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‘Trust, I would argue, has left the BBC local radio building’



Trust; a firm belief in the reliability, truth, or ability of someone or something.

It is a virtue, integral to the way in which The BBC works, with each person able to rely on their colleague’s character, ability, strength to succeed.

When working as a TV sport correspondent, out in the field, I trusted I was being given the right information by producers and editors in London, to allow me to produce the best work possible – you have my back, I have yours and together we are stronger, better.

I never questioned that about the BBC until now.


The recent announcements regarding cuts to BBC local radio output have surely left staff (and listeners) questioning whether that bond between themselves and the management is broken.

Those who worked alongside me in local radio for over a decade, often questioned the BBC’s commitment to it, and the myriad of daft decisions that have led to inevitable listener decline, but they always ‘trusted’ that the management were making decisions for the right reasons.

I am not so sure that is the case anymore.

Jason Horton is the BBC’s acting director of England and my old radio station boss.

He was a great manager and I had full trust in him, until now.

He claims that these changes to BBC Local must happen to save the service for the future; ‘Standing still now, at a time of such audience change, is not an option.

Doing so would see the BBC’s public impact locally slowly erode as audiences turn to digital services.’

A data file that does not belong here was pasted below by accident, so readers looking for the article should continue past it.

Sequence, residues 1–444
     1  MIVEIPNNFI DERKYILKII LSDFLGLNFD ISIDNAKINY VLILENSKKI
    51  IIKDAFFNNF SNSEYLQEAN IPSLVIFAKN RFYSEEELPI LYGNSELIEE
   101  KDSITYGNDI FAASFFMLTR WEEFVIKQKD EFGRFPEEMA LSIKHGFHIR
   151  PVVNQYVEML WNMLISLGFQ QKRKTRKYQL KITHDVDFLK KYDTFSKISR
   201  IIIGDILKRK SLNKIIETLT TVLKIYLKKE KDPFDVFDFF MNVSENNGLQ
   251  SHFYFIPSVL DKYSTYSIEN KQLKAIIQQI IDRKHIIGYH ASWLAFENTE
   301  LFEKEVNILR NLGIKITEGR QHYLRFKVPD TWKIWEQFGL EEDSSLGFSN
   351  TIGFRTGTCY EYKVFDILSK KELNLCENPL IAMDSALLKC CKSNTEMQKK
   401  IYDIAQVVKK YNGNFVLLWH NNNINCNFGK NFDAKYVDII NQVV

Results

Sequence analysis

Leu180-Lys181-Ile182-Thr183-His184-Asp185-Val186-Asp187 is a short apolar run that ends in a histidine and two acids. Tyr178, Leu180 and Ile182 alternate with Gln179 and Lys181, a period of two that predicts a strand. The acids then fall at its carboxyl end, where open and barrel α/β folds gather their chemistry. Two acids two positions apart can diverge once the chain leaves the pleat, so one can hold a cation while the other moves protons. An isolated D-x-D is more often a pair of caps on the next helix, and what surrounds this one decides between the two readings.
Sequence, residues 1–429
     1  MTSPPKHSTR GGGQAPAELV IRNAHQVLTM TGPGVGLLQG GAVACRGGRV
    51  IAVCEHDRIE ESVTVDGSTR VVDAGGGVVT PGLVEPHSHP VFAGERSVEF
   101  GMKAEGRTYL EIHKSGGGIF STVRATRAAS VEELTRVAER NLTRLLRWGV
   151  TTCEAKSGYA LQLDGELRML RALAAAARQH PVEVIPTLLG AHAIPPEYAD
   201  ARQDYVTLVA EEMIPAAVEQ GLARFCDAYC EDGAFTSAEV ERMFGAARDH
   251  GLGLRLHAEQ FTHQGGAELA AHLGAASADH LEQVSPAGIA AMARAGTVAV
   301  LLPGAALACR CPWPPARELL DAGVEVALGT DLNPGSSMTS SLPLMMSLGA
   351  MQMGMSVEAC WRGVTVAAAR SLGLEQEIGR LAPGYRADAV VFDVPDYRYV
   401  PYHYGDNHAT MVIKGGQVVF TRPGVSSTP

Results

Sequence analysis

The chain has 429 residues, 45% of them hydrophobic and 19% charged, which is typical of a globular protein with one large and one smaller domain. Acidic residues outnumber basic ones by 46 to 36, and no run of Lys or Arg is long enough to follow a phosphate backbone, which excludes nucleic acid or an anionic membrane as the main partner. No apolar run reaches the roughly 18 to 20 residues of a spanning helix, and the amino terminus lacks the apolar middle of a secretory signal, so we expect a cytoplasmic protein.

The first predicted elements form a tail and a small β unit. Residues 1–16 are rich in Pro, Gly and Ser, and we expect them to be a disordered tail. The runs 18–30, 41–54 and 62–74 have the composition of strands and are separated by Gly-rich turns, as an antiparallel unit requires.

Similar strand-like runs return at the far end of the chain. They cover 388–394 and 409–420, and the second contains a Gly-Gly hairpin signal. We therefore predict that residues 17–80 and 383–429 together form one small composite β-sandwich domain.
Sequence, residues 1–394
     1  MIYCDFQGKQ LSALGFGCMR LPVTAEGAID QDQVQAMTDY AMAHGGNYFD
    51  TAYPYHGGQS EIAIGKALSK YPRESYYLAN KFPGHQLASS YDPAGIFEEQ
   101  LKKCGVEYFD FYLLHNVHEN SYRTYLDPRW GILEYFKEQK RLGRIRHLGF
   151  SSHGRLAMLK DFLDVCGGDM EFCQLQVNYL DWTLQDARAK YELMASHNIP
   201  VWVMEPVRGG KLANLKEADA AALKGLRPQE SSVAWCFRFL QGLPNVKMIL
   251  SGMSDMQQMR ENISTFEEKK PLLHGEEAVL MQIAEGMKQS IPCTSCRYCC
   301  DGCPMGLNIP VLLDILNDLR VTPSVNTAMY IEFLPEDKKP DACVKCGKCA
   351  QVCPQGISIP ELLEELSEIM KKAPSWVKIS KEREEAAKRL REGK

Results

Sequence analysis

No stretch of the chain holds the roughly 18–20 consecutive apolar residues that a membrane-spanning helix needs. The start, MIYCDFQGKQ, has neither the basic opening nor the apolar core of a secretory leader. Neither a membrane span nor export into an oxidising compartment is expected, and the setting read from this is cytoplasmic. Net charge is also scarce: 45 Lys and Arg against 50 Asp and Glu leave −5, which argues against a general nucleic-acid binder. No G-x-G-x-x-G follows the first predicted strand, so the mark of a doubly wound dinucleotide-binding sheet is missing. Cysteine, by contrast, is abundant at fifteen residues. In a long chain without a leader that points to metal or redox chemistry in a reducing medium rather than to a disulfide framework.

I understand the ethos and of course The BBC needs to adapt and change to survive, but not at the expense of something so vital to their core, and that of their audience.

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I would have more trust in Jason’s words now if management had acted to sooner to arrest the decline in local radio listening over recent years, and not shot themselves in the foot with the decision to chase younger audiences, which has spectacularly backfired and alienated core listeners.

Paul Stainton: ‘Trust, I would argue, has left the BBC local radio building’

Take my old station, Radio Cambridgeshire.

In the last five years there has been a 40% decline in listeners, yet no action has been taken.

The management remain in situ, the output is the same and the presenter line-up virtually unchanged.

An independent radio action would have been taken immediately and the changes would have been drastic. No reputable organisation of note would allow their business to slide in such a dramatic way.

So why should we ‘trust’ BBC management now when they have allowed audiences to decline in this way?

Why should the staff ‘trust’ that the management are making these changes for the right reasons when they have been asked to reapply for their jobs or retrain?

How can the listeners ‘trust’ that their friend, BBC local radio, will still be there in five years’ time?

‘Trust’ I would argue, has left the BBC local radio building.


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